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Sunday, August 14, 2022

Musical Interlude

(For politics, please scroll down)

Hard to believe that this film debuted over 47 years ago (June 20, 1975), and I still don't like to swim in the ocean:

The genius of film composer John Williams

As one commenter opined at YouTube:
Miss Agent E 
1 year ago
John Williams took just two notes and made generations of people terrified of the ocean.


  1. Heh. I was in kindergarten in the '74 - '75 school year. Like most kindergarten classes back then before the moratorium on literacy came with the advent of the Department of Education in '79, my class was working on a project where we drew pictures with crayons of things that started with each letter of the alphabet.

    Guess the gory, bloody, monstrous thing I drew for the letter "J."

    The only thing I knew about the movie then were the television trailers for the coming attraction. I don't think I actually saw the actual movie until I was in my early teens. My drawing was more gory.

  2. I bought the book in early June of 75 to read on the plane to Hawaii after graduating from high school.... where I spent the next 3 weeks with friends reef fishing w/ a net and swimming/ body surfing in the ocean off Kauai. I saw the movie Plebe year at the USMMA, not far from the Long Island town that served at setting for he movie.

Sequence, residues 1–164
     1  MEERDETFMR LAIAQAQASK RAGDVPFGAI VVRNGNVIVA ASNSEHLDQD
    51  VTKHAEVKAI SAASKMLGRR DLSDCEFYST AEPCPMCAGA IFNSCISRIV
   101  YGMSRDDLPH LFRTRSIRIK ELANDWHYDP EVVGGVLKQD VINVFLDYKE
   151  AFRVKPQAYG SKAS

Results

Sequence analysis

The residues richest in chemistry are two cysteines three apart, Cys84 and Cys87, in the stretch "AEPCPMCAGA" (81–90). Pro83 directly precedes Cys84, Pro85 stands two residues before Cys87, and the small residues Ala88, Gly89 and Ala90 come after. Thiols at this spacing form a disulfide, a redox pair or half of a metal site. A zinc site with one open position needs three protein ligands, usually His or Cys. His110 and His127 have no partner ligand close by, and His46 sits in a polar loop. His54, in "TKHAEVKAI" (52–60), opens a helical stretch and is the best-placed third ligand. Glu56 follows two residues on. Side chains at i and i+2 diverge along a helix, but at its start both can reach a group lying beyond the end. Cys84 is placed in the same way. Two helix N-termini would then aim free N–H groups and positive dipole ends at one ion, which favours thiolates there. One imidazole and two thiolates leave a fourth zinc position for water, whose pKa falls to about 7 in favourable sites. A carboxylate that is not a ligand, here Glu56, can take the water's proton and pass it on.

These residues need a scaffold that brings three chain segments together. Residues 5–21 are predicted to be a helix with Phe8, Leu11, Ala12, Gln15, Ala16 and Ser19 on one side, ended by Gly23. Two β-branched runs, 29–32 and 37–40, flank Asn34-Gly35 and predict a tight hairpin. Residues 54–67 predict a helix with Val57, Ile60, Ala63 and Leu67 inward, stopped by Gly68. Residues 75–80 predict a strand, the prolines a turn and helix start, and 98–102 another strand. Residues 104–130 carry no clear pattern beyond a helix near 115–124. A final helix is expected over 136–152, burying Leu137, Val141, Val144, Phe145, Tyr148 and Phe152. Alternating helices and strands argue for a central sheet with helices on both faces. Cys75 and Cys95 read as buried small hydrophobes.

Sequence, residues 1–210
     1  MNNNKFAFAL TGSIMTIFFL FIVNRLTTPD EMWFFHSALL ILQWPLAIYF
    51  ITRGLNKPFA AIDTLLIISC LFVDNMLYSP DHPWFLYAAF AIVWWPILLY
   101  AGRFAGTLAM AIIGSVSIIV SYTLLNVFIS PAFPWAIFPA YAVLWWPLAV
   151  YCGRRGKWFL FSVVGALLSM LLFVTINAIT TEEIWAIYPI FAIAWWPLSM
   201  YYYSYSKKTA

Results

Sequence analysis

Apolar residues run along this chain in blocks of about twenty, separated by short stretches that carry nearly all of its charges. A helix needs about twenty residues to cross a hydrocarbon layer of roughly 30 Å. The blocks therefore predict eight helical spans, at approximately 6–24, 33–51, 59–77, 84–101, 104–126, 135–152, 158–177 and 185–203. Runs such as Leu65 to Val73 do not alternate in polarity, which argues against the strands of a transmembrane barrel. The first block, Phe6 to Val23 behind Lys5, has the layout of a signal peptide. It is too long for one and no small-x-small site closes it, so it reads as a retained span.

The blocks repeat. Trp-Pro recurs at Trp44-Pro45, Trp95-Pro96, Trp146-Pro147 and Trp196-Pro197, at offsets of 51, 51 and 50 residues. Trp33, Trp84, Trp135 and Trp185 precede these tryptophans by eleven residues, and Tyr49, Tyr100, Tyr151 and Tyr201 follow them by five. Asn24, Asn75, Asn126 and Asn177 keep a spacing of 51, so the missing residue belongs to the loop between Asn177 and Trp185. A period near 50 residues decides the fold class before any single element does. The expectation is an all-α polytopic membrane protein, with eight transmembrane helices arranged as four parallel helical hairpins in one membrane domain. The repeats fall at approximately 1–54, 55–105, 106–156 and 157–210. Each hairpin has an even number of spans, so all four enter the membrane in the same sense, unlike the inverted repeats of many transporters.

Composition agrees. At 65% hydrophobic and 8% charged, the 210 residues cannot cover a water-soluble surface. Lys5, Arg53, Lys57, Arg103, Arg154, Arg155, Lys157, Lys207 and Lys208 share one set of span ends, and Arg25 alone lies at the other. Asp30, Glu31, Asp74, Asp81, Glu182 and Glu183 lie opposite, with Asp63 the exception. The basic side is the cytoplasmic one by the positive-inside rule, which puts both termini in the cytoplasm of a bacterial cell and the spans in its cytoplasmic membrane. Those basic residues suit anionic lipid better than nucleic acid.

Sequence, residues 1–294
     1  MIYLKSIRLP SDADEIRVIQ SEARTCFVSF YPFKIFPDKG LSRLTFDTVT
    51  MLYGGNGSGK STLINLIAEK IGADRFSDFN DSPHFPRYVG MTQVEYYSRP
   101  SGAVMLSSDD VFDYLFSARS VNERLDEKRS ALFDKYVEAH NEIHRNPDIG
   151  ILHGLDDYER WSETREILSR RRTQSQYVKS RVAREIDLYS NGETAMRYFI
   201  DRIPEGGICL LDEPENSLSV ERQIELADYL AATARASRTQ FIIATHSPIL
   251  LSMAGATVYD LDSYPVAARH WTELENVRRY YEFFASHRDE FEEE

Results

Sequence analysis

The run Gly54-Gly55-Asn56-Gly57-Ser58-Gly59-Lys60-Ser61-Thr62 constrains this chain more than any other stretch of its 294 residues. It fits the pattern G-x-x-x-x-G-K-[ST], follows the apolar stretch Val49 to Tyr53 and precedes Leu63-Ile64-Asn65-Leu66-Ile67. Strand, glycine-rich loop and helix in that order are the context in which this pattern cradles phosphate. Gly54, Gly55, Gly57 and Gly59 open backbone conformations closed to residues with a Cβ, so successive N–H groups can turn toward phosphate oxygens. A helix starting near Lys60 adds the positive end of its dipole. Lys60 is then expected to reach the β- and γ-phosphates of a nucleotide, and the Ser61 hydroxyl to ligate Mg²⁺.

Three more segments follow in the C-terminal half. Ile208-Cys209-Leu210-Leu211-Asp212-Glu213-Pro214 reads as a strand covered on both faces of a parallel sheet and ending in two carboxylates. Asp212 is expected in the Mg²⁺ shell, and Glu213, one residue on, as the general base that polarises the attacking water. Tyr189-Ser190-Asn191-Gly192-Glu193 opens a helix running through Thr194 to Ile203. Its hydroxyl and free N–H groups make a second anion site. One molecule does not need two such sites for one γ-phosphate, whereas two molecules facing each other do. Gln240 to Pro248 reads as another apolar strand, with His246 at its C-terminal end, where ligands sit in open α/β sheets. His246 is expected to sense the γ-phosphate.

1. FJ,
      I found the movie Jaws better than the book, which had a steamy middle section for no particular purpose. "Get back to the shark!" I screamed. Then speed read to the end of Section 2 so as to get back to the shark.

    2. Before reading the book, my first "shark fear" happened off Salt Point on the northern California coast. I was SCUBA diving and spear fishing when I finally speared a nice sized fish. I surfaced and then looked back at the coastline, trying to identify my dive's point of origin. I was pretty far off the coast and I only then realized how stupid I was, having to trail this dead and bloody fish back to the coast. It was probably one of the most "vulnerable" feelings I had ever felt in the world, at that point anyways.

  3. What a memory... when visiting D.C. at some point after the film came out the Smithsonian as I recall, ended up with model. Ir was hard to believe the construction was possible to put such terror in a film.

    1. Bunkerville,
      The result of good editing and a wonderful film score. The images accompanied by the score made people jump out of their skins! Without the music, viewers were actually bored.


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